Letter: Young people can’t afford Asheville

Graphic by Lori Deaton

Asheville’s housing is completely unaffordable to those who wish to start a life here, with starting rent prices with utilities effectively starting at $1,200 within the metro area, and with median individual wages at roughly $30,000, it is simply impossible for young people to feasibly consider staying in Asheville as independent individuals.

The simple solution to this issue of housing prices would be to build new houses. Every person knows price equals supply and demand, so if there is high demand, such as in Asheville, to create affordable housing, there has to be an increase in supply.

It’s infuriating to see so many people complain about lack of affordable housing and then in the same conversation oppose new developments. We simply cannot have both. I’ve lived in Asheville for three years as a young person (in my 20s), and unless things change soon, I’ll leave this beautiful town soon for greener pastures, leaving this place to the retirees and snowbirds who can afford it.

— Jeremiah Blake


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14 thoughts on “Letter: Young people can’t afford Asheville

  1. MV

    Unfortunately, it’s far more complex than simple supply-side economics in a tourist town where many charming cottages and cabins-in-the-woods that might have been long-term rentals in the past are now AirBnBs, driven in part by the steady advertising for more and more tourists (mostly kind curious souls, I’m sure) which, in turn, brings more and more new people (young and retired, some wonderful, I’m sure) who are very understandably drawn to our lovely area. Building more housing is only one small part of the answer, but people must also understand some realities: many large developments being proposed now will take nearly a decade to complete; some developments might ruin much of what makes our area unique and lovely; even with more housing, it’s possible that Asheville will still be highly desirable and thus unaffordable in the future; and who knows what the future holds?

    Finally (and please don’t take this the wrong way or be offended), if I were a younger person hoping to live in an area like ours, I might keep my eyes and ears open for other wonderful as-yet-undiscovered-towns where I might like to live just in case the situation here does not improve.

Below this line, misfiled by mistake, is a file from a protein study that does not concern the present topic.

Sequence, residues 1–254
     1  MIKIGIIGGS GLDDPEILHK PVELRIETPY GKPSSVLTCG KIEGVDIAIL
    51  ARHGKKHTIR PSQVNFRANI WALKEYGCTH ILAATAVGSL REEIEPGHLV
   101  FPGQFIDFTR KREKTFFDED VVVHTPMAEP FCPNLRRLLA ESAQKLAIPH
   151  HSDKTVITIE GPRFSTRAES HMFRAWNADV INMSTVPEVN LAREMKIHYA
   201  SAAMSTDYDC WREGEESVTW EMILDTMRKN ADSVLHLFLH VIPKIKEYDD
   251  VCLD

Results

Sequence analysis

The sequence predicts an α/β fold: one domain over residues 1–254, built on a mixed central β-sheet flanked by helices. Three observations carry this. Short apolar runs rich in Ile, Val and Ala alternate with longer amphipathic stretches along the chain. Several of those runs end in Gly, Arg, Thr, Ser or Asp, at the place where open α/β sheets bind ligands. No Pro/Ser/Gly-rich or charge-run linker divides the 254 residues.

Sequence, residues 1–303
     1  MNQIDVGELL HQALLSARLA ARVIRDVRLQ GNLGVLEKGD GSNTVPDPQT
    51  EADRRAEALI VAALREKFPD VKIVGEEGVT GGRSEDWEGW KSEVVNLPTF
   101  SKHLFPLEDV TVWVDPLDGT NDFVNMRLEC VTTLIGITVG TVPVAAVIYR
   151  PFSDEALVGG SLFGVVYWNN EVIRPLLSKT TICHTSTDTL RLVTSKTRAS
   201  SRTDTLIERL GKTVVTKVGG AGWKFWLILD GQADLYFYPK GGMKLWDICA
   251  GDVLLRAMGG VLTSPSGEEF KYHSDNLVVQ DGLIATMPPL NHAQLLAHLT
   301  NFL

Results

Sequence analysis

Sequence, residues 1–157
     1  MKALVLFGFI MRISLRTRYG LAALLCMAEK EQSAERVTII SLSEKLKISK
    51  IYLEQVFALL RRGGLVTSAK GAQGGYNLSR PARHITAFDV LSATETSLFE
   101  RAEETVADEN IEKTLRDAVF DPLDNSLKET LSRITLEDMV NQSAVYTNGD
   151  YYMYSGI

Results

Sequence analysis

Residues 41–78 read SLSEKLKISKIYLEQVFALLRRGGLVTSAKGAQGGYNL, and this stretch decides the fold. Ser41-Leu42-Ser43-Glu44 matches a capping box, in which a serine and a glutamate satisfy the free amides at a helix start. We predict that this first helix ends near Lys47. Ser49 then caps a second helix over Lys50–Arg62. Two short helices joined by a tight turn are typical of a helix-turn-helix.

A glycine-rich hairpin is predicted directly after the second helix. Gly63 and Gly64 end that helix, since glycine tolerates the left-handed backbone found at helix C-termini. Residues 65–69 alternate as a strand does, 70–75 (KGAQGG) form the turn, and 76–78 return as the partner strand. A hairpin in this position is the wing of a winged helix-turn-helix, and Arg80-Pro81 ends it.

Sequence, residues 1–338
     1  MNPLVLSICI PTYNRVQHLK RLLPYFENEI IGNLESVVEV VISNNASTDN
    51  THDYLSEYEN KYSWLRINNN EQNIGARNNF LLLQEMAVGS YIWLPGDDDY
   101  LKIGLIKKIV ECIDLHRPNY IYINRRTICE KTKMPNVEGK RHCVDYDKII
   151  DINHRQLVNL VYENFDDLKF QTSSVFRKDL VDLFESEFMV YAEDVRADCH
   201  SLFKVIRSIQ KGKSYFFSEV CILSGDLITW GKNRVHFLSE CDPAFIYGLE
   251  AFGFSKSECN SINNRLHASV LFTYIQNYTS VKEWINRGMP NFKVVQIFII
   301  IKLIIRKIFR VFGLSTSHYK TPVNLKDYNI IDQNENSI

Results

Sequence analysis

2. NIMBY

    But the traffic. But the historic neighborhood. But the… You get the point.

    Thank you for this letter. More people need to accept this important point.

  3. Mike R.

    It’s pretty much this way all over the US, especially in desirable cities/locations. So to that end, Asheville is not unique.
    Asheville does have the additional problem of a low wage structure, unlike other desirable cities. That contributes even more to the problem
    And then there is the topography of the mountains that makes it more difficult to find suitable lots to build on.

    I would caution however, that more housing built may not necessarily translate into lower rental and purchase prices as the cost of building has gone up significantly. This will translate into higher rents/prices.

    Asheville may be a cool/desirable place to live for young folk; however, my advice is to find a location to service your economic needs first and foremost. If you make your way in life and improve your financial situation, living in a cool/desirable area will always be available down the road.

  4. Robert

    “It’s infuriating to see so many people complain about lack of affordable housing and then in the same conversation oppose new developments. We simply cannot have both.”

    It’s also infuriating to hear and see so many clamor for Affordable Housing At Any Cost to the river, forests, and (as of now) not-awful traffic. Remember that many older people who live here now came here in their 20s and 30s (or earlier) when the place was unknown, run down, and affordable. Many of these people shaped Asheville it into what it is now, and so you can (or should) understand that they wish to retain some of what makes this area great and they might fight to preserve Quality Of Life. I might have liked to buy a place in Carmel, California 25 years ago, but I chose Asheville because it was affordable and because I had a deep connection to this area where I grew up…(I say this just to share another perspective)